By Nihal Bambulkar Jun. 02, 2018
From the annoying friend who will only pay for what he ate and nothing else, to the eternal debate of cash vs card, there’s plenty of fuel for conflict after an evening out with a bunch of broke friends. Splitting the bill might mark the end of the meal, but it’s the beginning of an argument.
Most people think a fine dinner at a restaurant ends with dessert. If only it were so. The truth is much more painful. Especially if it’s the end of the month, or you and your gang are a bunch of college-goers or first-jobbers, which means you’ll are perpetually broke.
It all goes well until the waiter arrives with the hardest dish to swallow – the bill. It’s the worst possible way to conclude a meal, because it’s always the start of an argument.
These arguments always build up in intensity over three stages. For your next reunion with college mates, here’s a handy guide to spotting how these arguments begin, so that you can begin your anger management strategy in advance, and also avoid being the one who ends up paying for everybody.
Stage One: I’m Not Paying for That
Every group has one unlucky individual who has been saddled with the reputation of being “the responsible one”. This is the sucker who gets handed the dreaded black leather folder when it first arrives on the table. Since everyone else is conveniently bad at math, it is now up to the responsible one to rise to the occasion.
He has to corral the disparate members of the group and get them to pay up, according to their personality type. There’s the Shudh Shakahaari Teetotaller, who like the health ministry believes meat makes you unhealthy. The Bhukkad Bewda inhales everything on the table, and then you have the hybrid Shakahaari Bewda who drinks alcohol but thinks eating chicken is a vice. None of these are as annoying as the last type, called Do Dish ki Saazish, aka the one ordered french fries and a salad, but ate from everyone’s plate, but now refuses to pay for anything else. Now, the hapless responsible one is faced with memorising everyone’s orders and finding a logical way to split the bill, or making new friends.
Stage Two: So You Think You Can Maths?
Once the responsible one knows exactly who ordered what, he will spend a few minutes cursing the restaurant for giving the liquor and food bills separately. Repeatedly asking the the question, “Mujhe kitna bharna hai?” at this point will only ensure that you cement your reputation as the annoying one of the group. Also you are at the risk of being asked to shell out the extra sum in case someone (invariably its Do Dish ki Saazish) falls short of cash.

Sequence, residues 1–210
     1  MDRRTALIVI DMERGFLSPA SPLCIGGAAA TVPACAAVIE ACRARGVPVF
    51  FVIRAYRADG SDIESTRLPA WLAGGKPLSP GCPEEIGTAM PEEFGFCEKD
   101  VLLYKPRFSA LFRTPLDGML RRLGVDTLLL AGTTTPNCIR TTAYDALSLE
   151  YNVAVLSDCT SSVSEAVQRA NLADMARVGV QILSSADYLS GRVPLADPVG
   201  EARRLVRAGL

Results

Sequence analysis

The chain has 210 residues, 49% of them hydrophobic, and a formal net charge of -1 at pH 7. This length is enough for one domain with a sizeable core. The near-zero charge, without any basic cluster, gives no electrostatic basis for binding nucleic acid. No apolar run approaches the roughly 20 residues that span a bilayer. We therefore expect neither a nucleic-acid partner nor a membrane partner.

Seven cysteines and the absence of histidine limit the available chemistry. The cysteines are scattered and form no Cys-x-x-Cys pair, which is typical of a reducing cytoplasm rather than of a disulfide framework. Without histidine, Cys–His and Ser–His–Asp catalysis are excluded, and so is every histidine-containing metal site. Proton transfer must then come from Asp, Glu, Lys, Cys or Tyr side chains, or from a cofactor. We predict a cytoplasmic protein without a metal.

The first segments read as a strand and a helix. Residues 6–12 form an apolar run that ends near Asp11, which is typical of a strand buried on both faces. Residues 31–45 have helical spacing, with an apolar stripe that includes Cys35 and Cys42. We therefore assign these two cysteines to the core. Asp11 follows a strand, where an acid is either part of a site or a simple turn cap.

Amid the mind-numbing math, some anti-BJP liberal will refuse to pay GST, making the calculation even more complex. Then someone will suggest using an app to do the math, but by now the responsible one will have run out of patience and vow never to hang out with this bunch again.
Stage Three: Cash or Card?
The Avengers were fighting one another in Captain America: Civil War, but even they’ve got nothing on the infighting among a broke bunch of friends once the waiter asks, “Payment by cash or card?” It’s inevitable that the group will be equally divided into pro-cash and pro-card contingents. Unfortunately for the responsible one, the waiter will choose this moment to break the news that restaurant policy allows them to pay using only one method. This is when half the people will go, “Bro, account mein utne paise nahin hai,” resulting in the responsible one raising his credit card to pay the full amount while mentally wailing in pain. The group will shamelessly promise to pay him back later, but the only thing the responsible one will be getting is the bill to take home as a souvenir.
Toward the end of Stage Three, one might think that the process of splitting the bill has finally come to an end. But that is not true. There is now another round of hellish calculations to determine the amount everyone has to pay the responsible one.
Until we go from being glorified interns and start drawing an actual salary, it looks like my friends and I are going to remain locked in this struggle. All the advice I can offer is trying not be the one left holding the bill at the end.